Imaging therapy resistance in OVARIAN cancer
Resistance to chemotherapy and molecularly-targeted therapies provides a major hurdle for cancer treatment due to the underlying genetic and biochemical heterogeneity of tumours. Despite intensive research, the field has struggled to provide a solution for sensitive and specific molecular imaging of tumour response and resistance to therapy.
Ovarian cancer remains a leading cause of death worldwide, with a 10-year survival rate of just 35% . First-line platinum-taxane chemotherapy yields high initial response rates, however patients often relapse with drug-resistant disease . At the moment there is no satisfactory way to predict which patients will to respond to therapy upon relapse. A new diagnostic imaging test that can predict platinum resistance at the point of relapse will enable patient stratification, enabling the clinician to select the most appropriate second-line therapy for the individual patient using a precision medicine approach. Where no suitable treatment options are available, patients with resistant disease will no longer receive inappropriate second-line treatment, thus avoiding associated side effects; resulting in substantially improved quality of life and the opportunity to initiate palliative care at an earlier stage.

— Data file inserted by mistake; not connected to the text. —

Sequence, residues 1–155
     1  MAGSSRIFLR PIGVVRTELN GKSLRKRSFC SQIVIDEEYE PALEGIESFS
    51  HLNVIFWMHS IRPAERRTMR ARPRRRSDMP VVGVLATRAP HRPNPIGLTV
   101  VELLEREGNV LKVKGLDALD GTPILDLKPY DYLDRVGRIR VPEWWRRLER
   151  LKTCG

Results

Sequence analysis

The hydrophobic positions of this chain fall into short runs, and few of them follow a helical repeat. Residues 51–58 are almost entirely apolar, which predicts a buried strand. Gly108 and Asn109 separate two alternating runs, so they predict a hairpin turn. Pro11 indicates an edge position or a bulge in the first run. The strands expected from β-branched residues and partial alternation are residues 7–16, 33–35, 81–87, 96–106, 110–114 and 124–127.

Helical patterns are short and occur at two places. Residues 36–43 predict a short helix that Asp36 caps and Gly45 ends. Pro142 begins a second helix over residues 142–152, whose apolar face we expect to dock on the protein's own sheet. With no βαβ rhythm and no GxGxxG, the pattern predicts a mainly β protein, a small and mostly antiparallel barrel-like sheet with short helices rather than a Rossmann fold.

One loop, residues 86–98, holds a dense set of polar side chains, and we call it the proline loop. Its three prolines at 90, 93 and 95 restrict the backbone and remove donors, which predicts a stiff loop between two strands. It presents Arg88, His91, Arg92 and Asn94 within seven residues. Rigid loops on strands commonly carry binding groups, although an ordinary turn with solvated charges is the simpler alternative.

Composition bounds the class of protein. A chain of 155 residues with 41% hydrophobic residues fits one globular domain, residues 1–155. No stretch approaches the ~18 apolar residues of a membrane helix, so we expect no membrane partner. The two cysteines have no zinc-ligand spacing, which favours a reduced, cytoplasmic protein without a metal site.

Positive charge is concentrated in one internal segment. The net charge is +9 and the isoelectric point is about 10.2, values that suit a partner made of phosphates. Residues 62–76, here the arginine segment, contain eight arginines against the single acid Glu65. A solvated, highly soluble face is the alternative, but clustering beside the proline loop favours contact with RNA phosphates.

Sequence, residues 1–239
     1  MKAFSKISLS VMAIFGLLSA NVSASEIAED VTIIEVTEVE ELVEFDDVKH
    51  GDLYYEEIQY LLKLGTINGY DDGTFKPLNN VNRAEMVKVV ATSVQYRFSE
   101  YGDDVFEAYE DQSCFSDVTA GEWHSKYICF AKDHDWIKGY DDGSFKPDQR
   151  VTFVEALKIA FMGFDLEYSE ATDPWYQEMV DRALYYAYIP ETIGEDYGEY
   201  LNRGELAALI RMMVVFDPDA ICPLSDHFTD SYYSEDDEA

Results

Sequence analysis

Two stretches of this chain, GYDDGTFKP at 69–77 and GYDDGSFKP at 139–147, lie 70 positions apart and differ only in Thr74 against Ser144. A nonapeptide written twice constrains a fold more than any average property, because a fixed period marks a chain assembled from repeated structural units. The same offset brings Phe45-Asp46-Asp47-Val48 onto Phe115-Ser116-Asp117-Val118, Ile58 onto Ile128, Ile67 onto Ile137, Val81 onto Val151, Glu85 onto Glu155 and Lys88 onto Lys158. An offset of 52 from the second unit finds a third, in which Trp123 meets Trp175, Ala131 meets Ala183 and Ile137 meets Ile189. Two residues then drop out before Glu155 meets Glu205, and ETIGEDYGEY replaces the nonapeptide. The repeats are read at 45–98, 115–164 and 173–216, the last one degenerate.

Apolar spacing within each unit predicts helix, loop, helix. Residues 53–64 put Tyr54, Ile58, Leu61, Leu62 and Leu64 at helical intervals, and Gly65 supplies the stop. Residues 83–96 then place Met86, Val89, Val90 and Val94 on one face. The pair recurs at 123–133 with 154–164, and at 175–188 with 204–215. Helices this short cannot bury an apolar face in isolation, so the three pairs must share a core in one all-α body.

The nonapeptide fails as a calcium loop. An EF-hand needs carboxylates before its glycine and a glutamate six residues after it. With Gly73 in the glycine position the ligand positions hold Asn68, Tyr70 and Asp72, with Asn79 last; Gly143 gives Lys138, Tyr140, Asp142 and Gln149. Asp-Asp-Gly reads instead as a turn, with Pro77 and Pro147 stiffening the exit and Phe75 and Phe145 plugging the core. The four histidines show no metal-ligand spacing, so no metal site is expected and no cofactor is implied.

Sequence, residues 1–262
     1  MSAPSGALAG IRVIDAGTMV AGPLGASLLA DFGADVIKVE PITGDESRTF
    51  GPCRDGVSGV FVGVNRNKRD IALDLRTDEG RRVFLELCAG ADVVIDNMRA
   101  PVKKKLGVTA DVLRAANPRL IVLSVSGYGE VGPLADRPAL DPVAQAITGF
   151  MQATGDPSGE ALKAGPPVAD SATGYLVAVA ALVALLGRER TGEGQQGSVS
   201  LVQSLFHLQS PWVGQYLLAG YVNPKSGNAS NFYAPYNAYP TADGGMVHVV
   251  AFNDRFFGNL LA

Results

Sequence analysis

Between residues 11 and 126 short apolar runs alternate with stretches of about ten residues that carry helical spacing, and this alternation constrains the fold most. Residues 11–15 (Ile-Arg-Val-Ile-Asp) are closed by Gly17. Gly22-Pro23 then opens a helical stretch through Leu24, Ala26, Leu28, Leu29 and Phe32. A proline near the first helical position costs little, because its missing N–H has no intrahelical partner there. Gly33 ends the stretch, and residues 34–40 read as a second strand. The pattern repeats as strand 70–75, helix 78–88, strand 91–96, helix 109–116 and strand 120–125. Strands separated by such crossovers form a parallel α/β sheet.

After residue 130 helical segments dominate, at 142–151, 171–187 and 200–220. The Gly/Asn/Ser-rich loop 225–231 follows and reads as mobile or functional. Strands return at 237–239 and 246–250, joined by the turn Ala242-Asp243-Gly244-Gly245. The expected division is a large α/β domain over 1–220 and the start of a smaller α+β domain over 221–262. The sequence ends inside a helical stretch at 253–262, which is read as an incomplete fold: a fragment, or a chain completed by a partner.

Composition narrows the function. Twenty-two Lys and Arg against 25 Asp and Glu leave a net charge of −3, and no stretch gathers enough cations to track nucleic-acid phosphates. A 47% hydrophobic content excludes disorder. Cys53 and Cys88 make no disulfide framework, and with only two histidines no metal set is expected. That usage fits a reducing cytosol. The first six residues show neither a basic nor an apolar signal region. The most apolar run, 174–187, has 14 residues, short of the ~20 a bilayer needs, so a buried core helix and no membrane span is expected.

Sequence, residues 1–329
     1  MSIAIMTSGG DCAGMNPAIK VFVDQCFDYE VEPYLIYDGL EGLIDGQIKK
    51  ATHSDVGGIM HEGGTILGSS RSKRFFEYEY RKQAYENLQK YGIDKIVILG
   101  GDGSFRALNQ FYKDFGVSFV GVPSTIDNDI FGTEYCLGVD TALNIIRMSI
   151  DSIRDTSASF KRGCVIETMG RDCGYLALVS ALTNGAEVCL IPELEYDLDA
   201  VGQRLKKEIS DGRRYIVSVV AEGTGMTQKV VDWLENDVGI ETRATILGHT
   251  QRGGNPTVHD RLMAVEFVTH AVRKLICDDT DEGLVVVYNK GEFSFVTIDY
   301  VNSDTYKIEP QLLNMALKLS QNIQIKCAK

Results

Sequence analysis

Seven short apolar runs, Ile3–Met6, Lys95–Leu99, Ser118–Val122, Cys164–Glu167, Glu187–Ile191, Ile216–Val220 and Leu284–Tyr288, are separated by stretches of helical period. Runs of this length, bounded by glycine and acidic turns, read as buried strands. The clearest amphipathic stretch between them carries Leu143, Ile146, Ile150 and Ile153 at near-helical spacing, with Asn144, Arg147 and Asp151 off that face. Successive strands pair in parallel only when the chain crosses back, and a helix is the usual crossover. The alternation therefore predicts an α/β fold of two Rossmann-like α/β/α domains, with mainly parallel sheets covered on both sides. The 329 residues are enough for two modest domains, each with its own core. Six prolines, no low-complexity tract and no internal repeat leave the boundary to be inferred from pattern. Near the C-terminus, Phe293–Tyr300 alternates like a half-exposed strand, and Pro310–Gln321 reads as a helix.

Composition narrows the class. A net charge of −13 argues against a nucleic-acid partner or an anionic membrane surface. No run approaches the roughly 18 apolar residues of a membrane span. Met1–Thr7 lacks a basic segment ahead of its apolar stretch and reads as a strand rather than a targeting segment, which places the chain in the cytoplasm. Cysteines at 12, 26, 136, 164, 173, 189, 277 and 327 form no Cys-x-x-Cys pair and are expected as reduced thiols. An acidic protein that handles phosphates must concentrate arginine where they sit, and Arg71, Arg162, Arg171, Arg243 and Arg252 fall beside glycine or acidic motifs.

Employing a combination of innovative preclinical imaging and metabolomic strategies, we are developing new tools to noninvasively assess the mechanisms that tumour cells employ to resist treatment. Working across the disciplines of oncology, biochemistry and molecular imaging, this collaborative approach between University College London and the Francis Crick Institute will investigate the role of altered tumour metabolism as an indicator of drug resistance. Specifically, we are developing novel positron emission tomography (PET) imaging techniques to investigate altered tumour metabolism. PET captures images of high-energy gamma-rays that are emitted from inside a subject following intravenous administration of a radioisotope-tagged molecule, termed ‘radiotracer’. Using a similar approach, we have previously used PET to image the rate-limiting enzyme in tumour glycolysis , deregulated glycogen synthesis , fatty acid β-oxidation , and choline metabolism  that are associated with malignant transformation. Importantly, the the molecular imaging tools developed as part of this project are not confined to ovarian cancer, but have the potential for widespread impact in cancer management for many other cancer types.
 Cancer Research UK, 2012.
 Coleman, M.P., et al., 2011. Lancet 377(9760): p. 127-38.
 Witney et al., 2015. Sci Transl Med. 7(310): 310ra169.
 Witney et al., 2014. Cancer Res 74(5): p. 1319-28.
 Witney et al. 2014. J Nucl Med 55(9): p. 1506-12.
 Witney et al. 2012. Clin Cancer Res 18(4): p. 1063-72.
Tumour redox imaging
World Molecular Imaging Congress Young Investigator of the Year 2017 project
Tumour cells employ a multitude of mechanisms to protect them from drug-induced cell death. One such mechanism is the upregulation of the body's main antioxidant, glutathione. Working in collaboration with our Industrial Partner, Piramal Imaging, we are seeking to understand how cancer cells aberrantly regulate glutathione biosynthesis as a response to drug-induced oxidative stress. Imaging provides unrivalled temporospatial information regarding tumour redox status, with important clinical implications as to whether the tumour lives or dies following therapy.